a cold, windy and rainy night at Wilderness Park. When we
chose our campsite, we chose an area that was less
populated. We discovered, that despite it being a state
park and charging $9 for an entrance pass and another $28 for
camping that the restrooms/showers were closed for "an
electrical problem". So, essentially we paid for services
but discovered after setting up that no services were available,
somewhat of a rip-off in my opinion. But still, we soldiered
The photos below are what we saw.
windy and rainy night the dawn broke calm. Once the wind
abated, the lake returned to its placid state. The bay
that the evening before was covered with white caps was now calm
as a Hindu cow.
traveled east to Mackinaw City and spotted this bit of
Americana. The Weinerlicious spent a ton of money on its
route to the Upper Peninsula of Michigan took us over the
Mackinaw Straights Bridge. This is a huge bridge that is
over 5 miles in length. Oh, and a $10 toll.
speaking of Americana, only a very optimistic businessman would
build a stairway to the top of a rock outcropping and hope
customers will pay. That said, this was the
highest point for miles around and did have a view of the bridge.
But, no takers when we passed by.
We traveled north all the way across the Upper Peninsula to Whitefish Point and the Great Lakes Shipwreck Museum. The museum is located on the Whitefish Point Lighthouse Station. Visible in the photo above is the museum building, the lighthouse, the fog horn and the lookout. The lighthouse tower was constructed around 1850 and is made of cast iron. The claim was that this was the only design that could withstand the huge waves that crash ashore during large winter storms.
tells the story of the area's macabre history.
large wooden rudder was on a monument in the open area.
The museum has a long history of diving to shipwrecks in the area and recovering artifacts. The above reference to "the Soo" means the Soo Locks at Sault Ste. Marie.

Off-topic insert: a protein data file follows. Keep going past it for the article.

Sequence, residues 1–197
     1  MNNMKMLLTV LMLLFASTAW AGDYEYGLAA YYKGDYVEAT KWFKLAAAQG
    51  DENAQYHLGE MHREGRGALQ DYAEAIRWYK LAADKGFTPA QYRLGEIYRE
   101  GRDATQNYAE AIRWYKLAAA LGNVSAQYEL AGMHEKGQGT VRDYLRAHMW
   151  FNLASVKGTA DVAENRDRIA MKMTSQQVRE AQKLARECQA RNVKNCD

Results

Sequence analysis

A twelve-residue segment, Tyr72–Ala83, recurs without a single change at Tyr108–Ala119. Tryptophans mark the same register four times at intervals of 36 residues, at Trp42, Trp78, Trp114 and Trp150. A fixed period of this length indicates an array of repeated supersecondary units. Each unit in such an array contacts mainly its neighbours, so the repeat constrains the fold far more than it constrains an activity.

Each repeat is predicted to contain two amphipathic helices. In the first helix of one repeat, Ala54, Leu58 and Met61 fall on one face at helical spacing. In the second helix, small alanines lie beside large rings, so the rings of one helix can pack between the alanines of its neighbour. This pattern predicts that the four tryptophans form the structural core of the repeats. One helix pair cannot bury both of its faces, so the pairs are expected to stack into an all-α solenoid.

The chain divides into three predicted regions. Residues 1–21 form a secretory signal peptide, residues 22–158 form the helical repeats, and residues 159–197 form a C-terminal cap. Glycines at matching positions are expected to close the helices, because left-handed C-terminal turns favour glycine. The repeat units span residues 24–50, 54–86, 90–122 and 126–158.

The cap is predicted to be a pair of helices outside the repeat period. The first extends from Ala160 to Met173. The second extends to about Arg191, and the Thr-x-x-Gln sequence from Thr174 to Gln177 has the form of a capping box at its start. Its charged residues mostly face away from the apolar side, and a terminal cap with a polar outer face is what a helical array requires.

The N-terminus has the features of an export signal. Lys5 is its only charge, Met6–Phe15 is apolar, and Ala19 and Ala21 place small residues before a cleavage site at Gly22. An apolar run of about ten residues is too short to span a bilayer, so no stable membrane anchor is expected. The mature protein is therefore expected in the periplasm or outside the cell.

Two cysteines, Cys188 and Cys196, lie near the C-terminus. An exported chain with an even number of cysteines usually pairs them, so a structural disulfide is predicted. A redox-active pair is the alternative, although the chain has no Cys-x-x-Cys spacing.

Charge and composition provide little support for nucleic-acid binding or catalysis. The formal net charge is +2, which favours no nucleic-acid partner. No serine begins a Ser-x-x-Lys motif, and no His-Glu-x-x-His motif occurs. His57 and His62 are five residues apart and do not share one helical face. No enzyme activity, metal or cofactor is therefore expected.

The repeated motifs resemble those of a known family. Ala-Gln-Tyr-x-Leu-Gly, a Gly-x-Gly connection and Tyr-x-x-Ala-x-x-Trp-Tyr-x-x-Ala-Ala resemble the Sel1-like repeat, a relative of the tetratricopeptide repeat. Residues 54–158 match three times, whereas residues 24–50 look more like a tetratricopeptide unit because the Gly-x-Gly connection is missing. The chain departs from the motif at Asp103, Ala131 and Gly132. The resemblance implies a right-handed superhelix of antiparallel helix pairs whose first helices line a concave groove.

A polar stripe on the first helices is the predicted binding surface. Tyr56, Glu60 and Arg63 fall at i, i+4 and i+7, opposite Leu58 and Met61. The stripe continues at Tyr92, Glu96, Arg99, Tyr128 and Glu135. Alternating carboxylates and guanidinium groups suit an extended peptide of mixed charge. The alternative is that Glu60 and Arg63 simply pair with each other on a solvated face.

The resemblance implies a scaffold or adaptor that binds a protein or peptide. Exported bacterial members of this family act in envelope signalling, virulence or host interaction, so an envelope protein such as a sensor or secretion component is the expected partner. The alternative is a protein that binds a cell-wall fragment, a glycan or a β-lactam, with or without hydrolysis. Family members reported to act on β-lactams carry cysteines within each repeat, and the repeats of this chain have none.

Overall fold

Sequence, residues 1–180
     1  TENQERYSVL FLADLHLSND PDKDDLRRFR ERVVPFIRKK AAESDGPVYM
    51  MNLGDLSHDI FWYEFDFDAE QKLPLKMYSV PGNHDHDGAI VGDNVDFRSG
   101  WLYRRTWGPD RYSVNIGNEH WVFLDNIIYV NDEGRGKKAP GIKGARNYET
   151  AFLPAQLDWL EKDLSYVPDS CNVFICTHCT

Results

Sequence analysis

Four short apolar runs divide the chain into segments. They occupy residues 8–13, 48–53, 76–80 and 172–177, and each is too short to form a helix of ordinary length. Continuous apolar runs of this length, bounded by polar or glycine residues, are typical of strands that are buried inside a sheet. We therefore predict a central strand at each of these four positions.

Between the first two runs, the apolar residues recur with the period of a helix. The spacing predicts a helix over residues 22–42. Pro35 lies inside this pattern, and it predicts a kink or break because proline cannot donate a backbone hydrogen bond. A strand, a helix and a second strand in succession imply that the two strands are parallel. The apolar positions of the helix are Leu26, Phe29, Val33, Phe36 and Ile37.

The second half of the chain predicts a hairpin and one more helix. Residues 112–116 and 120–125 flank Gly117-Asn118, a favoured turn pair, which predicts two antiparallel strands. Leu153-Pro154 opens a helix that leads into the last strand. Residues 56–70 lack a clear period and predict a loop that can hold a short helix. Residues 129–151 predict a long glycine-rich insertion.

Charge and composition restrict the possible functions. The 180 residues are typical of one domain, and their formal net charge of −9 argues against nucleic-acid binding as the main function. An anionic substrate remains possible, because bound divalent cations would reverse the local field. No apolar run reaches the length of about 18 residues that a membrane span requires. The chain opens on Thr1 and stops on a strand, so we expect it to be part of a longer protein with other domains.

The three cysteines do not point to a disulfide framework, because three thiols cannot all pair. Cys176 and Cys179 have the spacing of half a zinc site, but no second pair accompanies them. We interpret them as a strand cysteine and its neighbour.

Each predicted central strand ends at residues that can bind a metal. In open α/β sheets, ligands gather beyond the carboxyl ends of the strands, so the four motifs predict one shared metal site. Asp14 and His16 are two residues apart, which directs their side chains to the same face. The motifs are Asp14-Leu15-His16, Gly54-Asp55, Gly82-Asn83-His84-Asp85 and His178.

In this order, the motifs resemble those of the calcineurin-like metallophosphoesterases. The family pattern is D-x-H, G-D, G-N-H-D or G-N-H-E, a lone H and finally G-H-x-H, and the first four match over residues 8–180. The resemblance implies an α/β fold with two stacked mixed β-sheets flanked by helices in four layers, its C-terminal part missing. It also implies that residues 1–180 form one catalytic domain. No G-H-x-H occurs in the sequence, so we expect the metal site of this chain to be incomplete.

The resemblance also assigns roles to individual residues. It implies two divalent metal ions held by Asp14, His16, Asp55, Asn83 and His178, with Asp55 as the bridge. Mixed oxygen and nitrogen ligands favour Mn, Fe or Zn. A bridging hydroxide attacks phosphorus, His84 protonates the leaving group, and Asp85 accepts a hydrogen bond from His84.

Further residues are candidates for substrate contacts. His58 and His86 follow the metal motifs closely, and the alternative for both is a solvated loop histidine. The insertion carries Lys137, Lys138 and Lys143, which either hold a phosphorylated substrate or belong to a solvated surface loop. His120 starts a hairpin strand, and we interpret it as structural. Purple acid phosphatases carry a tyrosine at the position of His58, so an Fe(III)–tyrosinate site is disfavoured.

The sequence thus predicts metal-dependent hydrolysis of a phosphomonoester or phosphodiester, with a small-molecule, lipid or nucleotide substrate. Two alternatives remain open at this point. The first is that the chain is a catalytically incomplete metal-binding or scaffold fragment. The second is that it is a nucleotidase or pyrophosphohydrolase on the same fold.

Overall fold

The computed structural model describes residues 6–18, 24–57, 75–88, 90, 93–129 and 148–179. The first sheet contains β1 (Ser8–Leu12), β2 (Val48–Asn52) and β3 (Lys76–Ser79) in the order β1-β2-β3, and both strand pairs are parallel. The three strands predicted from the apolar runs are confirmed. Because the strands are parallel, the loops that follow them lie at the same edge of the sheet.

famous shipwreck in the area was the Edmund Fitzgerald, made
famous in a 1970's song by Gordon Lightfoot called "The Wreck of
the Edmund Fitzgerald".
its time, the Edmund Fitzgerald was the largest ship in
operation on the Great Lakes. The ship was designed to
haul taconite ore from the mines in Minnesota to the steel mills
near Detroit. The entire crew of 29 was lost when the ship
broke apart in an unexpectedly strong early season storm.
It is postulated that the ship bottomed out in the trough of a
rogue wave, breaking the hull in two.
beach observation deck, Ontario Canada can be seen across the
west of the deck was a small beach that has been reinforced with
stone to prevent erosion during strong, storm-driven waves.
price buys entrance to the museum and the lighthouse. The
museum was detailed and had many exhibits including this Fresnel
lens used in the lighthouse.
lens that was in service at the facility.
HardSuit that was used to recover artifacts from the Edmund
Fitzgerald in 500 feet of water. This is a manned
exoskeleton that allows very deep dives.
lighthouse tours were "on the clock" so when our appointed time
came, we left the museum (early) and climbed the tower.
From the catwalk we had a clear view of some of the other
buildings on the site.
Point is the sand spit in the left-center of the photo
above. Whitefish Bay is to the right and can be delineated
by the brownish water indicating shallows. The blue water
is the main passage. In the distance is the province of Ontario.
lighthouse tower allowed a down-looking view of the fog horn
Whitefish Point we traveled west to Tahquamenon State
Park. We camped at the lower falls area and unlike
Wilderness Park, this was a nice place with all facilities
functional. Below the lower falls the calm waters provided
a great reflecting surface for the cloudy sky.
strong trees cannot resist the force of the winter storms.
Tahquamenon Falls was somewhat underwhelming but in a generally
flat area any waterfall is noteworthy. It rained hard most
of the night and it was quite cold.
morning we broke camp at the lower falls and headed west on the
highway to the upper falls. The upper falls were much more
impressive at about 50 feet of height. The Tahquamenon
River has the somewhat unique property of being laden with tanin
from rotting leaves. Note the brown stripes in the falls,
particularly on the left side.
sunlight highlights the tannin in the water resulting in the
The location of the
tannin stripes vary with the viewpoint and position of the
The tanin coloring
becomes visible as the water hits the crest of the waterfall.
Our path west along
the shore of Lake Superior brought us to a beach near Deer
Park. The winds continued resulting in small
whitecaps. The cold water and the wind also resulted in
an empty beach (and the fact that this was a remote area that
was close to nothing).
The shipwreck museum is a must-see if in the area. It surely gave us a feel for the dangers of shipping on the Great Lakes. And, of course, if you see the museum then you should see Upper Tahquamenon Falls as well.
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Photos and Text Copyright Bill Caid 2017, all rights
For your enjoyment only, not for commercial use.